Wealthy techno-enthusiasts such as Bill Gates or Elon Musk have already invested billions of dollars into diverse geoengineering projects, driven by the belief that climate change is the next crisis to be resolved by technological innovation – all telling the innovation story of neat engineering fixes that are solving most of life’s ills.
This thinking perfectly aligns with what the American-Belarusian writer Evgeny Morozov criticizes as techno-solutionism. Techno-solutionism, in its simplest form, holds that in times of no alternative, the best we can do is to apply a digital plaster to the damage. Thus, techno-optimists believe that, given the right robot, code, or algorithm, technology can effectively solve most of our problems.
But can technological fixes really offer a magic bullet solution to climate change?
The E-Fuel Paradox
A technological innovation that has recently gained significant attention from the general public and media is synthetically produced e-fuels. As couple of weeks ago, a long-planned EU legislation to ban combustion engine cars from Europe’s roads by 2035 was watered down by an exemption for engines powered by e-fuels, a heated discussion evolved around the question of hasty technological innovations as a way to cut down emissions.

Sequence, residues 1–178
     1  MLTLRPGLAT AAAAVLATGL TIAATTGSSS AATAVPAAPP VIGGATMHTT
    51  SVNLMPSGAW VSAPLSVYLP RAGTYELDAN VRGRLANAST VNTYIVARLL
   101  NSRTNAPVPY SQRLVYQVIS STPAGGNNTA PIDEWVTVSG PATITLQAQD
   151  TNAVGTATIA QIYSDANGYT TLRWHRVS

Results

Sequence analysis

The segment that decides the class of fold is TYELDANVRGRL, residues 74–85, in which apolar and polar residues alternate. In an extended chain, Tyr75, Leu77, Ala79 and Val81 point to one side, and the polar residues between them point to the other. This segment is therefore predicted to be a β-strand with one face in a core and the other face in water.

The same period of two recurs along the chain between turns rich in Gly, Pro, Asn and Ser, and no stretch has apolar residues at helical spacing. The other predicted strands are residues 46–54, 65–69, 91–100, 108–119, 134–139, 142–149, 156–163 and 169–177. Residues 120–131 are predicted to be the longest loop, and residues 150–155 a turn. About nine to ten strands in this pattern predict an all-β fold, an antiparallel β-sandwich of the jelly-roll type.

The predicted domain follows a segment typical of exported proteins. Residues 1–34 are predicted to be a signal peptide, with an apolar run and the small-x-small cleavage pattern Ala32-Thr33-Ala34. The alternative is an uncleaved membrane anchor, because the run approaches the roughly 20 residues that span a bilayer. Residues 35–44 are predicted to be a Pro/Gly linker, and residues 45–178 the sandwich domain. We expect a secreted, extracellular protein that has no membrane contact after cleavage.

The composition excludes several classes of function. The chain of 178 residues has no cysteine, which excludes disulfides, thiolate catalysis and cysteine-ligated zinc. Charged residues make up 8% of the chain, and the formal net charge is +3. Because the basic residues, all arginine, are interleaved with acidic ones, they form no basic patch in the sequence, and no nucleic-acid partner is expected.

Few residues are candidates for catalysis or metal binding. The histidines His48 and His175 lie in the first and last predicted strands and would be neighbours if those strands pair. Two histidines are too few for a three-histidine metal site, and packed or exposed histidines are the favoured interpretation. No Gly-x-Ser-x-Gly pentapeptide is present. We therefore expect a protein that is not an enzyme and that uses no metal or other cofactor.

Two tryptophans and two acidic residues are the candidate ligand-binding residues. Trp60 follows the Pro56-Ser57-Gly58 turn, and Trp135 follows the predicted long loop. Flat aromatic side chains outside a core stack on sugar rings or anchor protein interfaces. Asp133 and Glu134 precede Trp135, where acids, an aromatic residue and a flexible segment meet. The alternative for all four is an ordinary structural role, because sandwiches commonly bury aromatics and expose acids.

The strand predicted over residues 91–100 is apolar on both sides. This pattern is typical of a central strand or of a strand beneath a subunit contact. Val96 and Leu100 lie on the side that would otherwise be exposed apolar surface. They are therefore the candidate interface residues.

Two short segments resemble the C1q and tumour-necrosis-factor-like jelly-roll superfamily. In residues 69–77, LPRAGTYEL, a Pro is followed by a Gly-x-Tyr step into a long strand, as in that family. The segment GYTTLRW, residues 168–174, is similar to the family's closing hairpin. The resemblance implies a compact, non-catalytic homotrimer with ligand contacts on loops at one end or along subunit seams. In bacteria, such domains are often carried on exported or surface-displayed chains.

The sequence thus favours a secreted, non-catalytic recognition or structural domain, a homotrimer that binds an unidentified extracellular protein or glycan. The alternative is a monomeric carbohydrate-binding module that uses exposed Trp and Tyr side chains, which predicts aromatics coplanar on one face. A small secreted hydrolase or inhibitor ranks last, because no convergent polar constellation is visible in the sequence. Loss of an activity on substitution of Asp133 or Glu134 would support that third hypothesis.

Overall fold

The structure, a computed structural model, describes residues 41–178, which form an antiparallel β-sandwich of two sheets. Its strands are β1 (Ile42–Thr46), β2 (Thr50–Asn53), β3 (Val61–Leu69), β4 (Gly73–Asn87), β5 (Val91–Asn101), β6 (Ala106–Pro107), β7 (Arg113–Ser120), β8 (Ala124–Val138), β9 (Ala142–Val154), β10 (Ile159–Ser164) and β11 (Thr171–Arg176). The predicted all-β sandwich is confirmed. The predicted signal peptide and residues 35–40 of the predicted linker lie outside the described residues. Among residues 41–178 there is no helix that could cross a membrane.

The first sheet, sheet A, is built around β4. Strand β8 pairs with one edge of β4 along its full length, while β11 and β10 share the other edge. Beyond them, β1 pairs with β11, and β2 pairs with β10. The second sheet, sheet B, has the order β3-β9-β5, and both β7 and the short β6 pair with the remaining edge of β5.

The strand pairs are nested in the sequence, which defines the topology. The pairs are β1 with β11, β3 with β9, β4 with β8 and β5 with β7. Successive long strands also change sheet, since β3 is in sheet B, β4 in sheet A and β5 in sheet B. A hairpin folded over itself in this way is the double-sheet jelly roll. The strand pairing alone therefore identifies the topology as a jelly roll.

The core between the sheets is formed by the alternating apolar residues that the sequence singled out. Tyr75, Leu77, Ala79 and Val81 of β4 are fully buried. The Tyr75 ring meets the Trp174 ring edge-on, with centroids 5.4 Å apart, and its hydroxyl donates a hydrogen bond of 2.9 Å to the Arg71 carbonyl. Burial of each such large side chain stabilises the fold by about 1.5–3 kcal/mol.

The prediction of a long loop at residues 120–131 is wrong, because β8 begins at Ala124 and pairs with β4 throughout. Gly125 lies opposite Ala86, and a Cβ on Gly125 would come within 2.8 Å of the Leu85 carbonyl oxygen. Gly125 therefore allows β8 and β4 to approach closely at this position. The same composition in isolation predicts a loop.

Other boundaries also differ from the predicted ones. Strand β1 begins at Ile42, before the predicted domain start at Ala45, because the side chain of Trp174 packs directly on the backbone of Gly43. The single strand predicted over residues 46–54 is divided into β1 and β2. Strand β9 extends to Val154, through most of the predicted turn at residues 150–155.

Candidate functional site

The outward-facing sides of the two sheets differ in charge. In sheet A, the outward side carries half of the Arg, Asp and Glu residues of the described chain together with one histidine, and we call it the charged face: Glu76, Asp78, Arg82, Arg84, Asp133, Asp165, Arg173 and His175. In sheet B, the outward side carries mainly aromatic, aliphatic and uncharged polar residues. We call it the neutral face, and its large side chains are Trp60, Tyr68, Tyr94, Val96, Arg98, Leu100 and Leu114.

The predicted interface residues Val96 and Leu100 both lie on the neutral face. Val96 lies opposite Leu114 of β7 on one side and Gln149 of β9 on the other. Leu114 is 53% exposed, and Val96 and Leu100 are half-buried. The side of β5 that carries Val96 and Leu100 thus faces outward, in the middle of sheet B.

E-fuels, also known as synthetic fuels or electro-fuels, come from a process of electrolysis that splits water (H2O) into hydrogen (H) and oxygen (O). The hydrogen is mixed with carbon dioxide (CO2) to produce the liquid form of the e-fuel, which is further refined into e-petrol, e-diesel, or e-kerosene.
Unfortunately, at the current state of research, the whole production process is still very energy intensive. Furthermore, to be CO2-neutral, producing e-fuels must primarily be powered by renewable electricity sources. Despite that, the production capacities for e-fuels are still very limited and will barely cover the demands of road traffic.
Experts have raised concerns regarding the efficiency of e-fuels as sustainable alternatives to combustion engines. They argue that investing money and time into establishing an e-fuel supply for road traffic will take away necessary resources to further develop the technology so that it can be efficiently and sustainably implemented in other sectors, such as the aviation and shipping sectors.
Thus, the allowance of e-fuel combustion engines not only creates additional unresolved challenges but also hinders the automotive industry, as well as the EU’s Directorate General for Mobility and Transport, from developing radically innovative ways to sustainably reduce emissions in the mobility sector.